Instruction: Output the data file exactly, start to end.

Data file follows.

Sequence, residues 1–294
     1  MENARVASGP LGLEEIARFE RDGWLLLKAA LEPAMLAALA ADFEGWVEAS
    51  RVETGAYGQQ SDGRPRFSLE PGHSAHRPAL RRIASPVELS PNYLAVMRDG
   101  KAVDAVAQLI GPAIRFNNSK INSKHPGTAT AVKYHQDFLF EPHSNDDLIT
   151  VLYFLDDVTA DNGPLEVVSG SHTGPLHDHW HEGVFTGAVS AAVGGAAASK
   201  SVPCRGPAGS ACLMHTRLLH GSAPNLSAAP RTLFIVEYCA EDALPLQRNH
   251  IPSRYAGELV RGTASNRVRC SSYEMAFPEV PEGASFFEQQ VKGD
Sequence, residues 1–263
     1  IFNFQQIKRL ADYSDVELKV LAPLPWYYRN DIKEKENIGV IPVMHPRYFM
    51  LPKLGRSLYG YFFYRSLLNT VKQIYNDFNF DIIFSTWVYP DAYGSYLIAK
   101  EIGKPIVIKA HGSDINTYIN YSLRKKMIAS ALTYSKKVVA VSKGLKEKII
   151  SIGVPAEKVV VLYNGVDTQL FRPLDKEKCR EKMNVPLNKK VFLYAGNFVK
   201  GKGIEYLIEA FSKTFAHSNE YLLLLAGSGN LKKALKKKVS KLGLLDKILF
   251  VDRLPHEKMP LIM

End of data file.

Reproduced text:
Sequence, residues 1–294
     1  MENARVASGP LGLEEIARFE RDGWLLLKAA LEPAMLAALA ADFEGWVEAS
    51  RVETGAYGQQ SDGRPRFSLE PGHSAHRPAL RRIASPVELS PNYLAVMRDG
   101  KAVDAVAQLI GPAIRFNNSK INSKHPGTAT AVKYHQDFLF EPHSNDDLIT
   151  VLYFLDDVTA DNGPLEVVSG SHTGPLHDHW HEGVFTGAVS AAVGGAAASK
   201  SVPCRGPAGS ACLMHTRLLH GSAPNLSAAP RTLFIVEYCA EDALPLQRNH
   251  IPSRYAGELV RGTASNRVRC SSYEMAFPEV PEGASFFEQQ VKGD
Sequence, residues 1–263
     1  IFNFQQIKRL ADYSDVELKV LAPLPWYYRN DIKEKENIGV IPVMHPRYFM
    51  LPKLGRSLYG YFFYRSLLNT VKQIYNDFNF DIIFSTWVYP DAYGSYLIAK
   101  EIGKPIVIKA HGSDINTYIN YSLRKKMIAS ALTYSKKVVA VSKGLKEKII
   151  SIGVPAEKVV VLYNGVDTQL FRPLDKEKCR EKMNVPLNKK VFLYAGNFVK
   201  GKGIEYLIEA FSKTFAHSNE YLLLLAGSGN LKKALKKKVS KLGLLDKILF
   251  VDRLPHEKMP LIM